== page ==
Update: Saturday, May 10:
It’s still unknown what caused three large waterfalls to emerge Friday evening near the west flank of the Mendenhall Glacier, but by Saturday evening all had disappeared.
The waterfalls prompted warnings Friday night from the U.S. Forest Service to expect increased calving and higher lake levels.
But by Saturday, Mendenhall Lake had risen only three inches and no new ice calves were reported.
Naturalist Laurie Craig says she issued the alert because “we don’t know how this affected the ice cave, the west glacier trail, any of the margins of the glacier where people are likely to hike or be putting kayaks in.”
The flow could have existed for days, instead it was only hours. She says it’s typical for warm spring weather.
“We have such warm temperatures, the water will just melt into a pool, a natural pool on the ice, and then something will give way and it lets loose and just goes away,” she says.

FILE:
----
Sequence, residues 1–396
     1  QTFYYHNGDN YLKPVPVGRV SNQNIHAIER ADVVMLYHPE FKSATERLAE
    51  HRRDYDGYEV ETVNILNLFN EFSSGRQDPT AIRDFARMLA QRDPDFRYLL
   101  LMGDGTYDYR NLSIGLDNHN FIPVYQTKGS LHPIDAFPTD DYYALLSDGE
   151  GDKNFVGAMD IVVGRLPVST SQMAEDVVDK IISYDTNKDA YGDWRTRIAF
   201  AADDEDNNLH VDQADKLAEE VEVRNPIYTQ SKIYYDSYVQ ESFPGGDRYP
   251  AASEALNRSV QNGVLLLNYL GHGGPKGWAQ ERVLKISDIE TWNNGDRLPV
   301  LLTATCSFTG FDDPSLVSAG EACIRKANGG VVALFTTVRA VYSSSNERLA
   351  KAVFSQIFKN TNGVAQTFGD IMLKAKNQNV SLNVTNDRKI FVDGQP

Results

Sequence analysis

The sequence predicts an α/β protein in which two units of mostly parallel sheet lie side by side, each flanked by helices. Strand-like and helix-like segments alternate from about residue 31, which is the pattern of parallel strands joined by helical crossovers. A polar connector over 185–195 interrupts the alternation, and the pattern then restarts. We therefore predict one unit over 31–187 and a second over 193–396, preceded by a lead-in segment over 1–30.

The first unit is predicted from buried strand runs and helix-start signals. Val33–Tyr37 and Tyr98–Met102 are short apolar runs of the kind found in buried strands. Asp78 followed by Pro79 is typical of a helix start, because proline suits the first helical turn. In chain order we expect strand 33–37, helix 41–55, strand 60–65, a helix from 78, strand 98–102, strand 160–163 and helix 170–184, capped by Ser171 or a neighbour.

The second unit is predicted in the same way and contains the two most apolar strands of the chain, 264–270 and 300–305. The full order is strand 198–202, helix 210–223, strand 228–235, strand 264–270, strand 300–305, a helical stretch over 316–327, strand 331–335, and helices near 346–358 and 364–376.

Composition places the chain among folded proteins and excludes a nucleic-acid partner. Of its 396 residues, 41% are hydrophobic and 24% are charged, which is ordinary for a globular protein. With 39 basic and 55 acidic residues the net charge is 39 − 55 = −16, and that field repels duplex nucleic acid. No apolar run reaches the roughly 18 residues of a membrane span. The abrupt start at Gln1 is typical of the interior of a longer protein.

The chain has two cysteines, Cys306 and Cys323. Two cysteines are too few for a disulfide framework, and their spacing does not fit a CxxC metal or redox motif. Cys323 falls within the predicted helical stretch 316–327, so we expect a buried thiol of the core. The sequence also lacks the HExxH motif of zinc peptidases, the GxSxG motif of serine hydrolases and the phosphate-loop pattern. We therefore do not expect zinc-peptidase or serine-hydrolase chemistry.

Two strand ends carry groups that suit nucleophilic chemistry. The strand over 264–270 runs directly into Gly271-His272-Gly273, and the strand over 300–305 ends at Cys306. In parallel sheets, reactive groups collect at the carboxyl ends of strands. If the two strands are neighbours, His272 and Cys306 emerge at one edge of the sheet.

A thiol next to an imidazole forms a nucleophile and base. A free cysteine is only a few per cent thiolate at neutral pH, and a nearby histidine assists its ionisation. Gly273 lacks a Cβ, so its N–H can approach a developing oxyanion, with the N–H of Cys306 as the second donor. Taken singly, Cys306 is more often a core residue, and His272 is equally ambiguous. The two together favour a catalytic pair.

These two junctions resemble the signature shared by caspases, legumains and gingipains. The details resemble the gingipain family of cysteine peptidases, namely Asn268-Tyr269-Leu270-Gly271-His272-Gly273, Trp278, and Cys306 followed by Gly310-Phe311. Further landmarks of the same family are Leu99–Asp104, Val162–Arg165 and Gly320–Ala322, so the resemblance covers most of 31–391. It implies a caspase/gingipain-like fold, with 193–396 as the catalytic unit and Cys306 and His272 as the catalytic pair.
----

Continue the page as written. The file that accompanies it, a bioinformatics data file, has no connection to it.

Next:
“In this case, it went “from a gusher to a goner,” she says.
Original story, Friday, May 9:
U.S. Forest Service officials are warning Mendenhall Glacier visitors to expect increased calving, which will result in waves on Mendenhall Lake, colder lake temperatures and higher water levels. Hikers and kayakers should be especially cautious.
The alert was issued at 8 p.m. Friday. In a news release, naturalist Laurie Craig said an unusual event about 5 p.m. resulted in three large waterfalls discharging sediment-laden glacial water onto bare rock near the west flank of the glacier. The site is near the ice cave.
Craig said waterfalls are cascading down a deglaciated ridge of Mount McGinnis adjacent to the glacier.
While the water appears to be flowing under the glacier, that may not be the case, and the effect on the glacier, lake and trails is unknown. Craig said the glacier and ice cave may become unstable due to the flow of water.
Craig said a cause could be discharge from meltwater lakes that form along the margins of the glacier, increasing water volume.